Why Listening To Our Body Is The Key To Wellness
Oct. 11 2021, Published 4:50 a.m. ET
It’s only natural to feel stressed from time to time. When we do, it’s important to address the feeling head-on. When we ignore our bodies’ signs that tell us to slow down, our stress can build up and eventually escalate, which can lead to burnout.
We asked our Thrive community to share with us the little hints from their bodies that tell them it’s time to slow down. Which of these signs are you experiencing?
You’re having trouble focusing
“If I notice I’m having difficulty focusing during the morning, and by noon I’m reaching for more coffee to wake up, I know I’m trying to do too much. When I notice it, I step away from everything and set my timer on my phone for three minutes to do some alternate nostril breathing. This strategy increases my energy and ability to focus.”
—Kristin Meekhof, author and life coach, Royal Oak, MI
You feel sore and achy
“Over the years, I have been more mindful about the clues my body is trying to tell me. One physical sign that I need to slow down is tension in my upper body, especially in my neck. When that happens, I know that I need to amp up with my self-care. Some of my favorite activities are walking and listening to a guided meditation. There’s something about being outdoors while getting some movement that feels both rejuvenating and relaxing to me.”
—Pamela Biasca Losada, health coach, Pittsburgh, PA
You’re more cranky than usual
“I get cranky when I’m overworked or feel stressed. I know I can’t put a finger on one single trigger and that’s a signal to slow down. I either take a nap or call up a friend who makes me feel better. After that, I give myself some breathing space to relax.”
—Aakriti Agarwal, psychologist and coach, Hyderabad, India
Your eye is twitching
“I get a little eye twitch when my body hasn’t had enough rest, whether it was a busy work week or I had loads of home commitments. I used to power through the twitches during the week and try to sleep in on the weekends. What works better for me now is to commit to going to bed 20 minutes earlier for a few days. My body still wakes at the usual time it needs to wake, and the little extra time slowly gets me back on track.”
—Donna Peters, executive coach and MBA faculty, Atlanta, GA
Your neck feels stiff
“One small way my body tells me to slow down is when I feel tension at the base of my neck. The tension is the warning signal, but if I ignore it, the tension can turn into a knot. The inflammation surrounding the knot feels like a throbbing pain, making it unbearable to work at my desk or sleep peacefully. To ease my stress levels, I’ve rearranged my schedule to incorporate more mindfulness exercises throughout my day. I begin my day with meditation, prayer, and gratitude journaling. And midway through my schedule, I take a walk outside to reconnect with nature.”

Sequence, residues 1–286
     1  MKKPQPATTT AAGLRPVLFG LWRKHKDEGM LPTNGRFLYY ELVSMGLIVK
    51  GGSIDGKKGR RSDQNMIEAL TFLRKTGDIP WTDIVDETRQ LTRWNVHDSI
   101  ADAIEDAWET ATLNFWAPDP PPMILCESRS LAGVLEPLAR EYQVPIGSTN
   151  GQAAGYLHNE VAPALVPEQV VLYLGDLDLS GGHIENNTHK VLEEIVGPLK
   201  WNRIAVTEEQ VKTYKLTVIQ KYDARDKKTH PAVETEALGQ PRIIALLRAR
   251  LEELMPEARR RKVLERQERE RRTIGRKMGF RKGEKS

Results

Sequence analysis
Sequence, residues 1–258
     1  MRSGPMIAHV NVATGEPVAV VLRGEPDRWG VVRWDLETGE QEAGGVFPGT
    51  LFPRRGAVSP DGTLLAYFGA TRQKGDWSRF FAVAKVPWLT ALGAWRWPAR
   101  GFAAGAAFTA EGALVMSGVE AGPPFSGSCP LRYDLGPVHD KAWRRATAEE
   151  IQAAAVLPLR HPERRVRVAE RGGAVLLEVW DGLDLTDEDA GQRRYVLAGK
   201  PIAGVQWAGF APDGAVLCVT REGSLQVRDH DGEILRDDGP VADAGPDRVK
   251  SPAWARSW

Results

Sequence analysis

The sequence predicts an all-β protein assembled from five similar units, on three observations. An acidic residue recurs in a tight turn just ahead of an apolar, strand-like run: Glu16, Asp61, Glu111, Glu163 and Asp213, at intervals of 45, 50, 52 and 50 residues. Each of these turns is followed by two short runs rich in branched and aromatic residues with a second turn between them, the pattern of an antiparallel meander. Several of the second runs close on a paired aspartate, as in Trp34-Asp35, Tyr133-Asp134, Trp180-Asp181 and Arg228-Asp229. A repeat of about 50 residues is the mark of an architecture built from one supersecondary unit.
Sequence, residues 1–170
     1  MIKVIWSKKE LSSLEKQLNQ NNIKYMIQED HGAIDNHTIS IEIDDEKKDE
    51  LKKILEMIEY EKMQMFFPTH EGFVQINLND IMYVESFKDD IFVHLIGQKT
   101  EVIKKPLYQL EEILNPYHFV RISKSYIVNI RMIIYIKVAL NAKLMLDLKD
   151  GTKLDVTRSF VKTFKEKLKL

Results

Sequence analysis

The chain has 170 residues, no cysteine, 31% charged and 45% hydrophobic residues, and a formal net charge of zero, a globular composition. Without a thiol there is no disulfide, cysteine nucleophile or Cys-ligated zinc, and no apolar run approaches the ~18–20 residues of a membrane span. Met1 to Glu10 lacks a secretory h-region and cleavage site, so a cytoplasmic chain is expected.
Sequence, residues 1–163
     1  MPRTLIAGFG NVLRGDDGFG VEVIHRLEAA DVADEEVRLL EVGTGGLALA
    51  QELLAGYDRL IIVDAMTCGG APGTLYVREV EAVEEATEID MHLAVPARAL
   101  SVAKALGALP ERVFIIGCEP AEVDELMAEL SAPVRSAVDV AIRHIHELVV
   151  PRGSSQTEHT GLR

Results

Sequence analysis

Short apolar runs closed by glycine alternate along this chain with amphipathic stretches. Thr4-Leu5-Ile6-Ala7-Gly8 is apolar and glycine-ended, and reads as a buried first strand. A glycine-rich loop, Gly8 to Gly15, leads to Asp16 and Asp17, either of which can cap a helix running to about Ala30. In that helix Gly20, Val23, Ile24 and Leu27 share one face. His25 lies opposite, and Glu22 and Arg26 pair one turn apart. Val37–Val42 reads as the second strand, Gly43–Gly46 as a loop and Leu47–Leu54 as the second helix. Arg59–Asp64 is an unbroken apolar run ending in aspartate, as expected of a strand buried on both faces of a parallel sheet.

—Karla J. Noland, personal development and executive coach, Durham, N.C.
You’re especially tired
“I know my body needs serious rest when I start to feel full-body fatigue and aches, that no amount of coffee can fix. When I start feeling this way, I try to find time for a nap during the day and go to bed early for the next few nights.”
—Holly Fowler, health coach, Los Angeles, CA
Your stomach is hurting
“When I feel stressed or overwhelmed, my tummy starts feeling uncomfortable. This is a signal for me to step away from my desk, go on a short walk, change scenery, and be conscious about taking deep breaths. Being in tune with my body helps me stay productive throughout the day.”
—Isabelle Bart, social impact coach, Orange County, CA
You feel pressure in your head
“It’s really obvious when my body tells me to slow down. My shoulders tighten like a vice until it feels like my head might pop right off! Whenever I begin to feel this way, there is one solution that is free, easy, and always works: sunlight. When I step outside and feel the warmth of the sun on my skin, it lowers my stress and recharges me. On days when it is cloudy, I supplement this by breathing in fresh air, which has a similar effect.”
—Joe Kwon, author, Oakland, N.J.
You’re more clumsy than usual
“When I start dropping things, I realize I’m in too much of a hurry. There is no such thing as multitasking. It’s just task shifting when I do that I drop things. I slow down and get more methodical when this happens. I also drop the ‘things’ that are extraneous or too strenuous on my body, mind, and spirit. It’s a reminder for me to slow down without distractions.”
—Mary Joye, licensed mental health counselor, FL
You feel like you’re in “fight or flight” mode
“Last Tuesday was a great example of recognizing my body’s needs. I had a stressful morning at work as I needed to find a solution for an urgent problem. I succeeded but my body was in fight or flight mode for a few hours afterward. I felt like after a few coffees, my breath was shallow, and I started having a headache. This is a typical stress response for me. In these moments, I choose to push back my meetings and take care of myself first. Meditation at the beach and cold dips have helped me to release the tension.”
—Paulina Kabaczuk, manager, Sydney, Australia
This post was written by Marina Khidekel and originated on Thrive Global.